The ancient Jerusalem shrine revered since the Roman era as the place where Jesus was laid to rest has been rescued from potential collapse and renovated after a year-long, internationally funded effort by Greek restorers.
The 19th-century building housing the tomb, known as the Edicule, at the Church of the Holy Sepulchre in Jerusalem has been cleaned of centuries of candle soot and dirt, reinforced structurally and freed from the iron and wood girding put in place under the British Mandate in 1947 to prevent its collapse. It was reopened to the public on Wednesday.
The Edicule had become physically unstable because of excavations under the church and damage caused by sewage, rain and rising damp. Israeli police briefly shut the building in early 2015 after the state Antiquities Authority said it was unsafe.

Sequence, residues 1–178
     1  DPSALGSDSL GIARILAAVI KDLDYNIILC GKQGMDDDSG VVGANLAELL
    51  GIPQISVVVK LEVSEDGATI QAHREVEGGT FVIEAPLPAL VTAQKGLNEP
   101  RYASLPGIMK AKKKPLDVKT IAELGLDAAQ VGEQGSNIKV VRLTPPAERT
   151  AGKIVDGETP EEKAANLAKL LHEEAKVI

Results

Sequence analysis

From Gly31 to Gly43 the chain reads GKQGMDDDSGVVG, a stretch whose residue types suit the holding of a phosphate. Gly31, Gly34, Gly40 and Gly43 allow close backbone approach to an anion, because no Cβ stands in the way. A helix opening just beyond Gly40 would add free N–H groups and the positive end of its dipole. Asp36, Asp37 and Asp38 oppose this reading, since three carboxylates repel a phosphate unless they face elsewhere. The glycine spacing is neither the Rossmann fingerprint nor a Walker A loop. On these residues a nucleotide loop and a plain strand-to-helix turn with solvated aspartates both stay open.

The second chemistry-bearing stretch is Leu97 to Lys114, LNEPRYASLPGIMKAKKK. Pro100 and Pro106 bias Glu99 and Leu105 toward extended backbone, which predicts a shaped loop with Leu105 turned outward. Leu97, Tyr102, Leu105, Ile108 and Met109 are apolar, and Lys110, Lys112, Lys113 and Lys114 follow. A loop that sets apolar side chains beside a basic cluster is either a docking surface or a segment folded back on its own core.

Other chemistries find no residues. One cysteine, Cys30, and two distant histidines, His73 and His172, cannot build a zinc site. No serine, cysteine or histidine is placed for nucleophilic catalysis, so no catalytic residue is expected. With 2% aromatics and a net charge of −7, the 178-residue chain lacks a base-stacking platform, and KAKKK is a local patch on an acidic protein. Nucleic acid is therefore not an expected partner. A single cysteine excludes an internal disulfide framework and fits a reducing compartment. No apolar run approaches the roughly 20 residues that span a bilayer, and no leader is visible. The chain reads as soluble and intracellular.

The Greek Orthodox, Roman Catholic and Armenian Christian communities share custody of the church, and famously squabble over prayer times and protocol. The denominations agreed last year on a special accord to move ahead with the restoration.
Rehabilitation of the building and tomb beneath was carried out by the National Technical University of Athens. The $4m project was funded with the help of donors, including the World Monuments Fund, Jordan’s King Abdullah II, Palestinian president Mahmoud Abbas and private Russian individuals.
The project’s most dramatic moment came last October, when restorers removed a marble lid above what is widely believed to be the cave where Jesus’ body was laid before he rose from the dead. (Some Protestant Christians mark the place of Christ’s burial and resurrection at the Garden Tomb in East Jerusalem).